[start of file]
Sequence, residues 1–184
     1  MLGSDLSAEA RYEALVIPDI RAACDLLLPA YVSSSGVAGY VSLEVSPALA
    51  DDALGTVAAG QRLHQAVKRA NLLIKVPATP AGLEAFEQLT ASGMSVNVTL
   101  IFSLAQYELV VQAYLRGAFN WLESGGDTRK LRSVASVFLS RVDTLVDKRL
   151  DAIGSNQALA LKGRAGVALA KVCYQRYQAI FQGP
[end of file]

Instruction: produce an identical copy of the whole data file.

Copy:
Sequence, residues 1–184
     1  MLGSDLSAEA RYEALVIPDI RAACDLLLPA YVSSSGVAGY VSLEVSPALA
    51  DDALGTVAAG QRLHQAVKRA NLLIKVPATP AGLEAFEQLT ASGMSVNVTL
   101  IFSLAQYELV VQAYLRGAFN WLESGGDTRK LRSVASVFLS RVDTLVDKRL
   151  DAIGSNQALA LKGRAGVALA KVCYQRYQAI FQGP